Phenderson Djèlí Clark’s flash fiction, The Machine of the World, is one of the stories that will be coming on Season 2 of The Kaleidocast, and I’m honored to have had the opportunity to make my observations as it emerged into Meta-Brooklyn, recorded here in my sketchbook.
I am deeply honored that the Kaleidocast podcast has invited me to illustrate some of their upcoming stories for Season 2. I’ll show you another one shortly, but I’m just so happy with this one, I had to show it first.
Iridescence has evolved on Earth several times, as in the nacre of mollusc shells, the feathers of birds, and the shells of insects like beetles.
They all share a common structure: nanoscale molecules that refract different wavelengths of light depending on the angle that the light reflects.
It is very hard to draw.
Work continues on my Girraffatitan project! I’m getting close to having to make one of these as a sculpture.
It turns out that the creature we’ve been calling “Brachiosaurus” — the one with the super-weird nostrils on top of its concave head — is not the same clade as every other one we’ve called Brachiosaurus for the last century. No, the one with the weird nostrils (not, as I was taught, for snorkeling as a submarine gargant, as it would have been unable to breathe with all that water pressure) is now called a Giraffatitan. Which is a pretty wonderful name.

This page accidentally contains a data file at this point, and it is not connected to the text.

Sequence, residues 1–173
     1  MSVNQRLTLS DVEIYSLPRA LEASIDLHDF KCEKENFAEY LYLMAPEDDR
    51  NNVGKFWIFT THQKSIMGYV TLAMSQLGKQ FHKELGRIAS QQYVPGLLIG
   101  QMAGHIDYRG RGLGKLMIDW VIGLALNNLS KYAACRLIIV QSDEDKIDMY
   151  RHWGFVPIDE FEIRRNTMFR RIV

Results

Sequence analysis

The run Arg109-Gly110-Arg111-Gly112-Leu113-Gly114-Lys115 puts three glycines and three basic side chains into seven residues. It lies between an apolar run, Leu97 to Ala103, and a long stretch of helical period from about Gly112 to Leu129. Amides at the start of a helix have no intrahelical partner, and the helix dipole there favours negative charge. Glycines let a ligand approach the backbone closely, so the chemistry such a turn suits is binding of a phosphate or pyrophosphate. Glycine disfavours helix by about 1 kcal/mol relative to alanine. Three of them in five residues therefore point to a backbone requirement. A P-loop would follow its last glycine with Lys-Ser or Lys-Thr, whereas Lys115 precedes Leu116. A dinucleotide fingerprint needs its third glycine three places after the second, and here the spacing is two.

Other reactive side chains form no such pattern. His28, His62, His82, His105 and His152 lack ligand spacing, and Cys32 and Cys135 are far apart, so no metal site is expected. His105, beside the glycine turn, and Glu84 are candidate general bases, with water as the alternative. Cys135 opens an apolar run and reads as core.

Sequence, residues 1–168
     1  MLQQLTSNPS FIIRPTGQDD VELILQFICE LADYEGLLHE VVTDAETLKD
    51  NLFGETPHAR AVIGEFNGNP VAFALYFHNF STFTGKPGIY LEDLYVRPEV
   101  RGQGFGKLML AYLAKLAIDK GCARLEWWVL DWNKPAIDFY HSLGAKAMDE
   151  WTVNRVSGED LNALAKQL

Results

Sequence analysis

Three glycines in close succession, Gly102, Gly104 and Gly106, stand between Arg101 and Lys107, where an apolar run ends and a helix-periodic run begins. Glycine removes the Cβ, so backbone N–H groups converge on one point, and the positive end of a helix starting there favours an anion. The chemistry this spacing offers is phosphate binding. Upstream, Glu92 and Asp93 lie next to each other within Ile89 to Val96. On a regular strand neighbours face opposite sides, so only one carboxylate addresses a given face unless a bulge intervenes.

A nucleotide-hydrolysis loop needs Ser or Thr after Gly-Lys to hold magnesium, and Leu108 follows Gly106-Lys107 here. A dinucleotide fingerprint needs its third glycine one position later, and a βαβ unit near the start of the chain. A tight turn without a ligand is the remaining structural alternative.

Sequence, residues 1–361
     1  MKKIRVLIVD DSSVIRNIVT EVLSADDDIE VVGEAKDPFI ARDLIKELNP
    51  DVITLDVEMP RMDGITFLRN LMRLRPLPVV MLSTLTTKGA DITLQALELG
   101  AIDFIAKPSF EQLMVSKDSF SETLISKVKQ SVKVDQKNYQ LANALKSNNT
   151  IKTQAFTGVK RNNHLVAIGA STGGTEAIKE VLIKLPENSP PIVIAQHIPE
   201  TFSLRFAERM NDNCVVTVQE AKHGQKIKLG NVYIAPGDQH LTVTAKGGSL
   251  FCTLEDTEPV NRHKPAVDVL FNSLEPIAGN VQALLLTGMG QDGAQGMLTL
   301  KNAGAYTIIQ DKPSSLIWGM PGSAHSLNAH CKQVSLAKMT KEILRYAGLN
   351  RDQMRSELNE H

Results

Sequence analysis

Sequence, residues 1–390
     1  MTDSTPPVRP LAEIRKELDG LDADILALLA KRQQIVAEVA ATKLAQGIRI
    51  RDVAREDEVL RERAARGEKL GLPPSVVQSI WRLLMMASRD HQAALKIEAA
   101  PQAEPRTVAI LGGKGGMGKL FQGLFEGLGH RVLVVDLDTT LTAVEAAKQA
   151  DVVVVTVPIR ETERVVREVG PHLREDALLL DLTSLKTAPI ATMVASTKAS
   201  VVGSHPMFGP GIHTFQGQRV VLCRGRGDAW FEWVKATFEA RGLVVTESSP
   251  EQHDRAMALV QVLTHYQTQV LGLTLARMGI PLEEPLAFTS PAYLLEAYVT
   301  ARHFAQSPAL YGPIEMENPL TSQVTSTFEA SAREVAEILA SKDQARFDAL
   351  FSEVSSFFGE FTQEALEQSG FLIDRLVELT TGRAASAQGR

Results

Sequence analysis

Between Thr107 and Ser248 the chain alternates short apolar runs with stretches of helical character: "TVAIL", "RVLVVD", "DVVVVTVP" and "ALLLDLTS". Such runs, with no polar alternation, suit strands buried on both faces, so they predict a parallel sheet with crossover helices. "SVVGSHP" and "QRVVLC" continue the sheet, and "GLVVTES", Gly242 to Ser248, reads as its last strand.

We have a really exciting opportunity to speculate the crap out of things right now! NASA just announced that not only did it find a solar system, Trappist 1, with seven terrestrial planets, but three of them are in the “habitable zone” where liquid water can exist!
What might physiology look like if a creature has no circulatory system or other differentiation with which we’re familiar? How might that affect its methods of reproducing? Its social life? Its evolutionary process, itself? Let’s explore the idea a little with this modular, fractal critter I’m calling the Phia. Or at least some pieces of it.
…which is much the same as the whole.
Continuing my series of speculative, dismembered body structures, here’s an “earball” — a combined acoustic and optical organ that’s a direct outgrowth of this creature’s brain.
Corvosapiens (or, as they call themselves, “people”) have a rich and varied physical culture. However, because of their greater mobility than earthbound humans, aesthetic principles and philosophical structures often spread more quickly than they did when primates were the custodians of the civilization meme.